Japan's libero Kaoru in full flight
Reggio Calabria, Italy, September 7, 2006: Russia kept alive their hopes of winning the FIVB World Grand Prix title for a fourth time with a clinical 3-0 victory over Japan in Pool B on Thursday.
The Russians, champions in 1997, 1999 and 2002, would have been eliminated from contention if they had lost, following their defeat to Brazil the previous day.
But they turned in a much more convincing performance in all areas of play to hold off Japan 25-15, 25-22, 29-27.
Japan made a terrible start, and called a TO trailing 5-1 and 12-4.
Lioubov Shashkova served two aces in three points and Russia's big red block had no problem turning back Japan's sporadic attacks.
Yulia Merkulova, using all her 2.02-metre frame, tormented Japan in attack and defence, and plundered points almost at will against Japan's experimental starting line-up.
As the set progressed, Shuka Oyama, Erika Araki and Miyuki Takahashi all proved that the Russian defence was not invincible as they scored with quick and well-placed spikes, but the game was played at the Russians' pace and in the Russians' style.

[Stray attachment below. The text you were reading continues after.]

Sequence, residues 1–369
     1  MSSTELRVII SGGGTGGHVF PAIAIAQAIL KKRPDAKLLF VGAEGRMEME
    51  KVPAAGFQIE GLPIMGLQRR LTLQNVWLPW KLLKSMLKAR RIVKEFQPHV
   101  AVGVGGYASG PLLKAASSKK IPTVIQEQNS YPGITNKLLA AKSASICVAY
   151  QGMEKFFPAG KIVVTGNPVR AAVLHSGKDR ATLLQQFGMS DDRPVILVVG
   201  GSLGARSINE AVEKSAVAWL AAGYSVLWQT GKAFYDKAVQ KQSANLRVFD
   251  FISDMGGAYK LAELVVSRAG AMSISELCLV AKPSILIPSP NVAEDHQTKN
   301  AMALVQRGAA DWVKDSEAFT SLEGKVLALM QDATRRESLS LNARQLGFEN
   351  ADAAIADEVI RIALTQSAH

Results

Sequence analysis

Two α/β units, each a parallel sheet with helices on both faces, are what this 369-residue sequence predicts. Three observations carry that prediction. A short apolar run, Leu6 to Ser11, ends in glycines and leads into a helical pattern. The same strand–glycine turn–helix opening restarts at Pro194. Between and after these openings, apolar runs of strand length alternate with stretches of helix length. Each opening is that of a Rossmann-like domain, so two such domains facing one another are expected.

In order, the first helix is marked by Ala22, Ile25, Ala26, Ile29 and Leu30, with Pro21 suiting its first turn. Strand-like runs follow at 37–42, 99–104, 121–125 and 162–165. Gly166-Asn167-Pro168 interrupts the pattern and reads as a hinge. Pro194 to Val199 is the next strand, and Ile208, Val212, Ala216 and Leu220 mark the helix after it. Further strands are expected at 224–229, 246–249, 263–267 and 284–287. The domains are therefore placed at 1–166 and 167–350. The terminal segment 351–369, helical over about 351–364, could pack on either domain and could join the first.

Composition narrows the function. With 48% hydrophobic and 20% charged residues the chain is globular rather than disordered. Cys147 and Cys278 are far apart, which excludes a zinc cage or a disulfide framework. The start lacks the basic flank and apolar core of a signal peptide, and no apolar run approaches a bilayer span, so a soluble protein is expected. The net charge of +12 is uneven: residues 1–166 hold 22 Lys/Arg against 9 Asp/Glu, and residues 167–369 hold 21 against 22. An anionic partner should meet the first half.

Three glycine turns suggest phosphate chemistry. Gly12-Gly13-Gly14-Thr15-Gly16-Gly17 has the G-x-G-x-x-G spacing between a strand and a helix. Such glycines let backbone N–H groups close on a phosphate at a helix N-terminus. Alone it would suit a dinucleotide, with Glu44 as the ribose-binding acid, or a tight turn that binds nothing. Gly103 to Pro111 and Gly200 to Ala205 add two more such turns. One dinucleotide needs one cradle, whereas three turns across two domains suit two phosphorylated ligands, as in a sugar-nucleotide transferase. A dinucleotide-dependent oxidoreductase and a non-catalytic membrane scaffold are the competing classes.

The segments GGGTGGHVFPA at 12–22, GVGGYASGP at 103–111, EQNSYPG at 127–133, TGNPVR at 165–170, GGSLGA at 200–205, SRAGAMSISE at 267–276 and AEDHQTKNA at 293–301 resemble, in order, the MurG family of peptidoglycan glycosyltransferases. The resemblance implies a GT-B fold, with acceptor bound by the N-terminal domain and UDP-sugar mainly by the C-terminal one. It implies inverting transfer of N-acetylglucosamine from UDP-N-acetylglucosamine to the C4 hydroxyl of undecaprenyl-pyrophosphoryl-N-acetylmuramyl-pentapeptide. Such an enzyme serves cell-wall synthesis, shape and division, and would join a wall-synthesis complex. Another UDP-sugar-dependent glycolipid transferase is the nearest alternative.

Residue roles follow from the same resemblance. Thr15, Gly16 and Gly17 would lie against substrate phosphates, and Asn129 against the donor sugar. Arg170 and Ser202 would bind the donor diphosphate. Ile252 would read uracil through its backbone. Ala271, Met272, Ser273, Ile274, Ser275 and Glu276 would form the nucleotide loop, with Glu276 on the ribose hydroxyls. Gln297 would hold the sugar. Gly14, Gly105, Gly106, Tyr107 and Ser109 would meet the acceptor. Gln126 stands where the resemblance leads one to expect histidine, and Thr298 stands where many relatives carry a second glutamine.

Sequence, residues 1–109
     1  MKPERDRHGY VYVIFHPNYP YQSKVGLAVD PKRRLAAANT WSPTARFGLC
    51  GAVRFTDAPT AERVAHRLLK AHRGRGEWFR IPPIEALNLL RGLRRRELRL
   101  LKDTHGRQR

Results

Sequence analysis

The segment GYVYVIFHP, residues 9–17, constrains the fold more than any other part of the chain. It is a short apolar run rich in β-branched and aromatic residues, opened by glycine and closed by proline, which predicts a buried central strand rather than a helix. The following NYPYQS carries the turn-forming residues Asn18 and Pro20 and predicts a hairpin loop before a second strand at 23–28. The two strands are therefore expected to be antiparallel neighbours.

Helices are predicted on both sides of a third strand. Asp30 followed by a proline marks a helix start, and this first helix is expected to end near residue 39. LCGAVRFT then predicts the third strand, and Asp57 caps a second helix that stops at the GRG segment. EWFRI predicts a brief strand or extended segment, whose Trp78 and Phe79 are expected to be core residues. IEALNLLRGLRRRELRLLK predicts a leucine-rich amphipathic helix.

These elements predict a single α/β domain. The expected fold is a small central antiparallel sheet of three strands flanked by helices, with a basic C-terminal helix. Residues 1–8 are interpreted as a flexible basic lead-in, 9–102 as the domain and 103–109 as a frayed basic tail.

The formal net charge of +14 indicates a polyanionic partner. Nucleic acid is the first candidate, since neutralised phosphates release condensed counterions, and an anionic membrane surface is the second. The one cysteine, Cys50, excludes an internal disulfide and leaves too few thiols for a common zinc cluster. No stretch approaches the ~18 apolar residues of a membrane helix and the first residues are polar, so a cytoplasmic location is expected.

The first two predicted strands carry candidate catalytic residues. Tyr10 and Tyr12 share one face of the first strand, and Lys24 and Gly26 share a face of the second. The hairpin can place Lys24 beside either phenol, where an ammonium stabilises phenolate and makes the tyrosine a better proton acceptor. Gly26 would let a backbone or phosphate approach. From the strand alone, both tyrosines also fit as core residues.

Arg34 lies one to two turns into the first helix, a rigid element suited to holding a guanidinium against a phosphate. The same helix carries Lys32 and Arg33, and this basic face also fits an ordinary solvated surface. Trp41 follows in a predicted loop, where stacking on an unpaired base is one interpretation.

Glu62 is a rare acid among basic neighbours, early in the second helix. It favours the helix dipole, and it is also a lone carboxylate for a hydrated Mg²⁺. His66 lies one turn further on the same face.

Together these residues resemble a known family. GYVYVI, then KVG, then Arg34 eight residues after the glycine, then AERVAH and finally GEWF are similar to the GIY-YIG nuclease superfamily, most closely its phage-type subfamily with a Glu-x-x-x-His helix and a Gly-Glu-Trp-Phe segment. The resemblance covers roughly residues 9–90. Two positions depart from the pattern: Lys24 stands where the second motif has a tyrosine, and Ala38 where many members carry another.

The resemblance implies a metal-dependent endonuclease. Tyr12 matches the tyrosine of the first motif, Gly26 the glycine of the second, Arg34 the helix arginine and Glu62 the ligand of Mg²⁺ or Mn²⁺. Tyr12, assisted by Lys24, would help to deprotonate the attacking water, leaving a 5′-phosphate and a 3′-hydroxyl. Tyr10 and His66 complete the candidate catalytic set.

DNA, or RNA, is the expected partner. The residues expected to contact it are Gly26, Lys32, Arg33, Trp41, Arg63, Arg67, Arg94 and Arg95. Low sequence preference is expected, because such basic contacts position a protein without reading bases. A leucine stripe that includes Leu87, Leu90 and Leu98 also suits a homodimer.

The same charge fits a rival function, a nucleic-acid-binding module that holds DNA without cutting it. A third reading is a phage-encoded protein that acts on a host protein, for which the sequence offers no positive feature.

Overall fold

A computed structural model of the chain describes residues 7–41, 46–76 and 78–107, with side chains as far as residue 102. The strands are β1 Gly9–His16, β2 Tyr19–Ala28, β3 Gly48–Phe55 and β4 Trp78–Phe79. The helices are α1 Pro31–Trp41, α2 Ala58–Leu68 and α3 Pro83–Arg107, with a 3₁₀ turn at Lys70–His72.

Ekaterina Gamova was keeping plenty in reserve as Merkulova led the attack, and it was Shashkova who ended the first set 25-15 with a powerful spike on the left.
Japan's attack had not functioned at all in the opening frame, but they put aside the disappointment and jumped out to a 5-1 lead in the second, forcing an early Russian TO.
The pressure remained intense on Japan's spikers, though, and a series of errors in attack allowed the Russians to pull level and then go into the first TTO ahead by two at 8-6.
Yuki Ishikawa gave Japan fresh heart with a clean winner after running round setter Yoshie Takeshita to out-fox the Russian defence, but Gamova forced another Japan TO with a trademark drive down the middle to move her team ahead 11-7.
Russia held a six-point advantage at the second technical break, but Japan found some momentum after a couple of Russian substitutions and closed the gap to three at 20-17, and then to just one at 22-21 and 23-22.
But two wild spikes from Japan handed the second set to Russia, 25-22.
Again Japan started the next set strongly, and an over-hit spike from captain Natalia Safronova gave the Asians a five-point cushion at the first technical break.
When Araki, with an athletic leap while off-balance on the right, Shuka Oyama and Saori Kimura extended Japan's advantage to 14-8, Russia called a TO to try and change the flow of the game. Kimura struck again to bring up the second TTO with Japan in front 16-9, and when Araki's serve struck the net cord and bobbled over to make it 21-15, Japan seemed to have the edge.
But the Russians wanted to end this in three, and they took the next six points to pull level 21-21.
In a tense finish, Japan missed four set points, after some crisp winners under pressure from Shashkova, and Russia took it 29-27 on their second match point when Araki's spike was wide of the corner.